Marino de Medici: The ugliness of unnecessary deadly force
Americans do not care much about what people in other countries, including those in friendly nations, say about the good, the bad and the ugly in the United States. Unfortunately, the ugly is often in full view to the world.
Among the things that many friends in America find ugly, the first one that must be mentioned is the appearance of police as military units in many cities carrying weapons more befitting battlefield conditions. In fact, it is a phenomenon that does matter to Americans as well, to the point that it has contributed to the violent behavior of protesters over the killing of Africans Americans in Ferguson, Missouri, and New York.
There is no denying that in many peoples’ minds such war-making equipment is connected to the ease with which policemen are entitled to use deadly force in general. The point that can be made is that the exercise of such deadly force in America is aimed not just at blacks but at a larger mass of people — black, brown and white — who run up against so-called law enforcement. In fact, black Americans are disproportionally the victims of the exercise of deadly force, although they are not the only victims.
The underlying problem with the use of force in America, as expressed by many European criminologists, is that the behavior of police quickly escalates into a show of force as a result of insufficient training that should be imparted to the police officer.
The basic principle of a police officer’s training should be about exercising the maximum amount of restraint in the face of dangerous and threatening situations. The officer should be trained in de-escalating such situations under many strategies of conflict resolution that have been developed by a good many institutions in the United States. Ironically, this is a field in which the United States excels in comparison with European countries.
New methods to prevent and cure violence have been introduced and taught in many communities throughout the nation and have resulted in a significant reduction of gun violence. Organizations such as the Outreach Workers have found ways to work with the local police departments whose behavior must be increasingly guided by well defined rules. Unfortunately, the proliferation of SWAT that is improperly used for minor offenses, deploying teams that strike fear in the public, and the rampant militarization of police forces with surplus equipment of foreign wars have clearly harmed the proportionality doctrine by which the actions of police should be commensurate to the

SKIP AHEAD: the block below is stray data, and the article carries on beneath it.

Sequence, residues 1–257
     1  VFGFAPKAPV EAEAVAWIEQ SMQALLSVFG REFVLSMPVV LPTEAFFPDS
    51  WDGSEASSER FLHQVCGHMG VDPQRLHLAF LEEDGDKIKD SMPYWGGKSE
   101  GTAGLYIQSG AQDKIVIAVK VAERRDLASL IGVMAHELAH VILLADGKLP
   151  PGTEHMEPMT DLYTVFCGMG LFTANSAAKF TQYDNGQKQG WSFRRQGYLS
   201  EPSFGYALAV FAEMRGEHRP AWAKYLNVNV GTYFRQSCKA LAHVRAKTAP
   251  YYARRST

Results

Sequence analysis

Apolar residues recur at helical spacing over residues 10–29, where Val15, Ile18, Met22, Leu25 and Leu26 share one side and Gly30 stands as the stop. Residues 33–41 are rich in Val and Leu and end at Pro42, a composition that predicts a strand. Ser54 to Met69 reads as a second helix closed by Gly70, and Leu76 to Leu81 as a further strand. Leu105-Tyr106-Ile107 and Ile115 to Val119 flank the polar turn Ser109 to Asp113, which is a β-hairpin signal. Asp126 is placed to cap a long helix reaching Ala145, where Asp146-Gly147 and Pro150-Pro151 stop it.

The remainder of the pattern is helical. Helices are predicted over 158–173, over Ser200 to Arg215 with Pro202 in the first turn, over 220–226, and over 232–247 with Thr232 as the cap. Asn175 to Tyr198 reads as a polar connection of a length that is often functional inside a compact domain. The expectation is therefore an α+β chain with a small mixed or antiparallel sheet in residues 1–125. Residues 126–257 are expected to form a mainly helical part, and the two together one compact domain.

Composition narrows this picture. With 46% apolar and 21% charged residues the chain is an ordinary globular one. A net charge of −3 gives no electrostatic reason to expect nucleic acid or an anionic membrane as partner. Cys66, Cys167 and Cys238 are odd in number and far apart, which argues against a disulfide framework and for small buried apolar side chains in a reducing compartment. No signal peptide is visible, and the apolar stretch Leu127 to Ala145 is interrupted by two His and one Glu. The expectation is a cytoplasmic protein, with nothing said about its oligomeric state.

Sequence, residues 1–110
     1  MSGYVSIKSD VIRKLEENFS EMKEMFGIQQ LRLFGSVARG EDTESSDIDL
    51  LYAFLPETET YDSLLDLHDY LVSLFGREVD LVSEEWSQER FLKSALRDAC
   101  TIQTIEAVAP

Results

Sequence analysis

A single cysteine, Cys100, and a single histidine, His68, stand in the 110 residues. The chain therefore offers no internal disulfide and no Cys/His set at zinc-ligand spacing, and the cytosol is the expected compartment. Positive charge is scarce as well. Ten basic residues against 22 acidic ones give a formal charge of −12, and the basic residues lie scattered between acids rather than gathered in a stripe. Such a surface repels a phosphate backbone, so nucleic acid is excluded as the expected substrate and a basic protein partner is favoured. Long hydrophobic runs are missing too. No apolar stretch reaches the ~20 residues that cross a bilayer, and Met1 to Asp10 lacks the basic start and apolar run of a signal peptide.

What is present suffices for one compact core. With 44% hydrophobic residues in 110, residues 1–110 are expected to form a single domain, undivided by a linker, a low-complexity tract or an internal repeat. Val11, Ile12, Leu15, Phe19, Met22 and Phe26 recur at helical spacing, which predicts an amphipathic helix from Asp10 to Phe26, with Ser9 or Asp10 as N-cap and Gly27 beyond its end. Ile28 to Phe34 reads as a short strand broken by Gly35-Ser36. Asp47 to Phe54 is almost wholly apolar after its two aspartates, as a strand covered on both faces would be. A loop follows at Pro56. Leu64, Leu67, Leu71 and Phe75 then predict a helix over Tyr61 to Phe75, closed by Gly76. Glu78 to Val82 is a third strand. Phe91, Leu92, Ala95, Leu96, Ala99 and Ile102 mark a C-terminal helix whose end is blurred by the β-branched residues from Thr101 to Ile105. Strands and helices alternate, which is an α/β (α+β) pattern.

actual threat of individuals or groups facing the agents of law enforcement.
The case of Eric Garner, the petty lawbreaker who was killed by a totally unnecessary chokehold in New York, points to the issue of the degree of force allowed, more so because such choking was expressly prohibited by New York Police Department rules.
Police in European towns open fire only under extreme circumstances that are scrupulously defined. A cursory look at the police records of London, Paris and Rome will show that when a police officer uses deadly force, the police authorities open a legal, intensive investigation that is entrusted to experts rather than to a jury of 12 ordinary citizens.
Granted that the jury system is a bulwark of constitutional guarantees in America, yet the suspicion has deepened that the existing court processes favor the agents of law and order over the rights and protection of ordinary citizens. Retraining police officers is only a first step for changing the unjust equation. New York Mayor Bill de Blasio struck an important note in the aftermath of Garner’s tragic death. “I respect the process” — he said in an interview — but there is a need to initiate a “systemic” retraining of police officers in order to fix the relationship between the police and the community.
According to a private investigating network, in Cleveland police used “excessive and unreasonable force” in up to 600 incidents before 3013. This is the town where 12-year — old Tamir Rice was fatally shot for playing with a toy gun. The video shows that the child was acting quietly before the sudden arrival of a police cruiser. Killings like this are the result of ordinances that entitle police to use deadly force when they “feel” threatened.
Times have changed. America is no longer the Old West where the Lone Ranger takes the law into his hands. The ugliness of the unnecessary use of force and the systematic civil rights violations call for a national reform program. The time for it has come.
Marino de Medici is a Winchester resident and formerly the dean of foreign correspondents in the United States.